As an avid gamer I often enjoy seeing what my community is consuming, and what they think of companies recent offerings. In several of my gaming groups online I’ve seen nothing but little armless spacemen for weeks now, and the memes keep getting spicier. After seeing the gaming community come alive over this funky little 5 dollar game; Among Us, I just had to try it. The best way to learn is always by doing, unless you’re talking about impromptu spacewalks, but we’ll get to that. So I dove right in and started playing online with random groups.
What is the appeal of such a simple little game, with such simple little mechanics? You do very little in game as the crewmates, just run around a ship and perform tasks, which manifest as barely-there minigames. My weapons task was to shoot down 20 asteroids, playing a mildly amusing version of the classic arcade game of the same name. In admin I had to swipe a card at just the right velocity. These are considered critical tasks, there appears to be hardly any ‘game’ here at all. And yet, my affection grew massively for this game between rounds as I learned it.
I discovered rapidly that the reason I loved this game was the same reason I loved John Carpenter’s The Thing. The inability to trust anyone. Aside from the delightful vibe of racing to perform critical tasks on board a rickety feeling ship, there’s a creature stalking the halls that looks just like your crew, intent on murdering everyone on board. The core game mechanic in Among Us is basic mistrust, coupled with a joyful bloody dance with our own predatory nature. These human universals are manipulated masterfully by the game’s designers to create a unique and engaging experience. While playing crewmate, the mistrust is present from the very start, as a spaceman appears against a slash of colors while secretively telling you to ‘shhhh’ with a conspiratorial finger across the lips. It draws you in, puts you in the right headspace for whichever role you are about to play.
During one of my very first experiences as a crewmate, Yellow called an emergency meeting almost immediately, and forcefully accused Pink of being the imposter. I decided to immediately trust them, stated as much, and voted accordingly. Thinking on my feet, I realized that if Yellow was the imposter, they would be kicked immediately after having gotten Pink exposed to the vacuum of space or have to kill another eight of their crewmen before the button could be mashed again. I explained as much to the rest of the crew, they fell in line, Pink sailed by the viewports, and we breathed a collective sigh of relief as we received our victory message. Then again in the next round, Yellow spotted the imposter doing their thing and forcefully called him out for it. He had a knack for being in the right place at the right time and kept a weather eye on each of us. I again took their back, and we managed another early round victory because of a burgeoning relationship of trust. Round three began and the imposter knew exactly where to hit us. Yellow went down first this time. Someone said I was suspect because we had become a team, and before I could convince anyone of my innocence, I was floating past the viewports myself.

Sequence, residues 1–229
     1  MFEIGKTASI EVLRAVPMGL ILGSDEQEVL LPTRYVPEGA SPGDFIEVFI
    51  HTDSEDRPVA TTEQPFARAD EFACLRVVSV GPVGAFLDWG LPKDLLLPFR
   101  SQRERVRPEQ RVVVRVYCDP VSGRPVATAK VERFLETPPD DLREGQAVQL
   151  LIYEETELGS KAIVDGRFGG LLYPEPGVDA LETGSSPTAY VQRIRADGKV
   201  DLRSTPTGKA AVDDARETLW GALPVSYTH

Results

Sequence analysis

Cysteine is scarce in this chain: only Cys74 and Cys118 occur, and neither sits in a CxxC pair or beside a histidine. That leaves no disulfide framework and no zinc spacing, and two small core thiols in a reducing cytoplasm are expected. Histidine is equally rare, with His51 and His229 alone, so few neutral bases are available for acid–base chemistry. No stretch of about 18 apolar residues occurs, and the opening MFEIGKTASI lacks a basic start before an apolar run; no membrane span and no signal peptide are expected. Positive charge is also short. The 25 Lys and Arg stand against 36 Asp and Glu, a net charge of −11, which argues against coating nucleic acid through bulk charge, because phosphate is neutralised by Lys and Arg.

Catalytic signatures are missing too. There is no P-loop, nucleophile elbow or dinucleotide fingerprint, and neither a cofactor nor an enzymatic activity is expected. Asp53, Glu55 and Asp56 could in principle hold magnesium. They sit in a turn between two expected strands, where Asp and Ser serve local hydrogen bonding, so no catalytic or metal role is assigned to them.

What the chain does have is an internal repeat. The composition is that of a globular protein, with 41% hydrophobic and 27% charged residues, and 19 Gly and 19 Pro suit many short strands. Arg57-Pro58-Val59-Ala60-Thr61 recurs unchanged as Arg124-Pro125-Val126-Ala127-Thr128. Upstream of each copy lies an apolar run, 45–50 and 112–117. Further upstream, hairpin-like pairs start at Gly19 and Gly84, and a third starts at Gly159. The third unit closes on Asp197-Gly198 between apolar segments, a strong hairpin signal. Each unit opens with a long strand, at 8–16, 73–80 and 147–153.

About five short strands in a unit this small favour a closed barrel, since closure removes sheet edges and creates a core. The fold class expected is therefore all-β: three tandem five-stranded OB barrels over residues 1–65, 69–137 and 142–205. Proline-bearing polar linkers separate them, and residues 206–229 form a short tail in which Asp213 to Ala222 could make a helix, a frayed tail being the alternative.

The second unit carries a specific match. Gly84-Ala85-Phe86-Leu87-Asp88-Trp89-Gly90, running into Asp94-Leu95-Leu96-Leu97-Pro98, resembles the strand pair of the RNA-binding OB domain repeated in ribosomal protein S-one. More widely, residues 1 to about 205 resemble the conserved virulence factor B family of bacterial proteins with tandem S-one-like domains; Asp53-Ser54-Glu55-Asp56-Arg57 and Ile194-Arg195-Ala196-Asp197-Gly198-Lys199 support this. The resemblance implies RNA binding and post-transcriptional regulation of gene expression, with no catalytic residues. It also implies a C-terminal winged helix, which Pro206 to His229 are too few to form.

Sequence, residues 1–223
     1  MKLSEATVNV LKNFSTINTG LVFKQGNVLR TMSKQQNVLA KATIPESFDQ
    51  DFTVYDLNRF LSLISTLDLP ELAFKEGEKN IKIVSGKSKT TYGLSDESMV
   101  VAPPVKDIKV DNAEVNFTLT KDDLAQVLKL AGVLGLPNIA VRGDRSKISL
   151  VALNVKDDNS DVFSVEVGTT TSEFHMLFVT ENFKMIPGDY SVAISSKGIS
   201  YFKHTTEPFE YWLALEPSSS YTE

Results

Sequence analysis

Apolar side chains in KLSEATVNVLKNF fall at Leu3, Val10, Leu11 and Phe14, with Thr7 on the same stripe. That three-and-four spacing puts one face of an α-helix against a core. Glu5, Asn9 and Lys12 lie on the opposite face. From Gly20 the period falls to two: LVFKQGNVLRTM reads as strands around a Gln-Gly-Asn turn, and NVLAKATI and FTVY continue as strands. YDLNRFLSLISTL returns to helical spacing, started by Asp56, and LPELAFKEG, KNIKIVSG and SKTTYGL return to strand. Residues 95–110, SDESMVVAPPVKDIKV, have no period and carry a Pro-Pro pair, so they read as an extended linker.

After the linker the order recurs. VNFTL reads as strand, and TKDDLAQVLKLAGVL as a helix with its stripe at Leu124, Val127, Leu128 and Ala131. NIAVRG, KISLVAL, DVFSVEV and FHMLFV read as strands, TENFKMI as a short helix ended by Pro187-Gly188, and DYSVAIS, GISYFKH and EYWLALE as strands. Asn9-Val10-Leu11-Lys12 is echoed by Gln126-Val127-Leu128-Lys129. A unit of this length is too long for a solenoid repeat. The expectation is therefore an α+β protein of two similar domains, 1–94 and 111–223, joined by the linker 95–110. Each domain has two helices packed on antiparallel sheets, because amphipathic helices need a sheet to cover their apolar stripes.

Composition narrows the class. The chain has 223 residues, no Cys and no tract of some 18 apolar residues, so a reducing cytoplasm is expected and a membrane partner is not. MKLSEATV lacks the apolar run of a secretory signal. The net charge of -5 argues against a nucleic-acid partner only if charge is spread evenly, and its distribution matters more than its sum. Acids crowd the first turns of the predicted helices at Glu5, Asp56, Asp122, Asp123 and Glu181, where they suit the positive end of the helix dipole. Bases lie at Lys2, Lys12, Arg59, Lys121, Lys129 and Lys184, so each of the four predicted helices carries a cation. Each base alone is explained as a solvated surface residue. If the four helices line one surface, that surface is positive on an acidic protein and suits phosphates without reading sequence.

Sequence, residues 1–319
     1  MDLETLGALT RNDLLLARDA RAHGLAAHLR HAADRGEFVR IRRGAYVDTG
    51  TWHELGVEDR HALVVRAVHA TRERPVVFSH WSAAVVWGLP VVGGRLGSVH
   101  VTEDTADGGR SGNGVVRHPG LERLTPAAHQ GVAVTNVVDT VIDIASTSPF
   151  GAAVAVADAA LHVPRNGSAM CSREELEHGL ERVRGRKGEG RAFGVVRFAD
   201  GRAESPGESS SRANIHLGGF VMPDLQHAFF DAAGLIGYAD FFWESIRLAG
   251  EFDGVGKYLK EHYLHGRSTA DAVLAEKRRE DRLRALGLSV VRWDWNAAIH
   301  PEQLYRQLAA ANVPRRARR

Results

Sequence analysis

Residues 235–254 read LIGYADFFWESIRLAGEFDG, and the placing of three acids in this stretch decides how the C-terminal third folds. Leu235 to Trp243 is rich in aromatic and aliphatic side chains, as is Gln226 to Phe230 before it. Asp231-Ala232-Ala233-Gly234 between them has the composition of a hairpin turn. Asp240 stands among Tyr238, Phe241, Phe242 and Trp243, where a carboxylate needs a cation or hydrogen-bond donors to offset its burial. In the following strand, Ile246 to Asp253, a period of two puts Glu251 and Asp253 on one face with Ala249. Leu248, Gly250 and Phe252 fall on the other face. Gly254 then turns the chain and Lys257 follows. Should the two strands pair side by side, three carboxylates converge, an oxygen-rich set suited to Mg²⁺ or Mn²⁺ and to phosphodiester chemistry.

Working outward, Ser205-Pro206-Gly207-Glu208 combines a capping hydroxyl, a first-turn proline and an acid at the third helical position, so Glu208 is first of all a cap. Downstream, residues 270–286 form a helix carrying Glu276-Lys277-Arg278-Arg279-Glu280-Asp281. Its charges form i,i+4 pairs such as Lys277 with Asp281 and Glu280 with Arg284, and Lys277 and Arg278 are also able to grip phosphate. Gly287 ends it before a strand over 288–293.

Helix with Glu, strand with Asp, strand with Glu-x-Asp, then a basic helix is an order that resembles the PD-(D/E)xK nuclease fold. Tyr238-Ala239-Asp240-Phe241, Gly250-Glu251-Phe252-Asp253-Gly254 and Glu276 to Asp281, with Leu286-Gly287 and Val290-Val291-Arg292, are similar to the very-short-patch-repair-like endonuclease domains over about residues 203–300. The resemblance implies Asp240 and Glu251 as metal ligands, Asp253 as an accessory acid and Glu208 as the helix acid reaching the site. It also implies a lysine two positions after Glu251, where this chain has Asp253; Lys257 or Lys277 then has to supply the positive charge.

The rest of the match was a bloodbath, as I watched the imposter masterfully manipulate the crew through a delightful blend of intimidation, playing dumb, and good timing. They killed each other at this monster’s behest, never suspecting them until it was too late, and they walked away licking their fingertips. After watching that masterful predator work, I felt honored to have been included at the second spot in their priority target list. Since those early days I have been spaced for downloading files too slowly, following a team-mate too closely, arriving to an emergency late, and being in the security room for too long. Any old thing you do can be made suspect with enough paranoia, and this game breeds it deep for its players.
This game brings out the worst in us, lets us play with it, and have a good laugh at that deep rooted mistrust of our fellow man that lives in us all. It stands as a fascinating reminder that human beings are the single most dangerous predator this planet has ever produced, by a gigantic margin. Why not turn that into an object of fun?
Joseph Phelps has a LitRPG book that makes this editor think of how epic it might be to live inside GTA. Check it out at Amazon and give him some love in the reviews.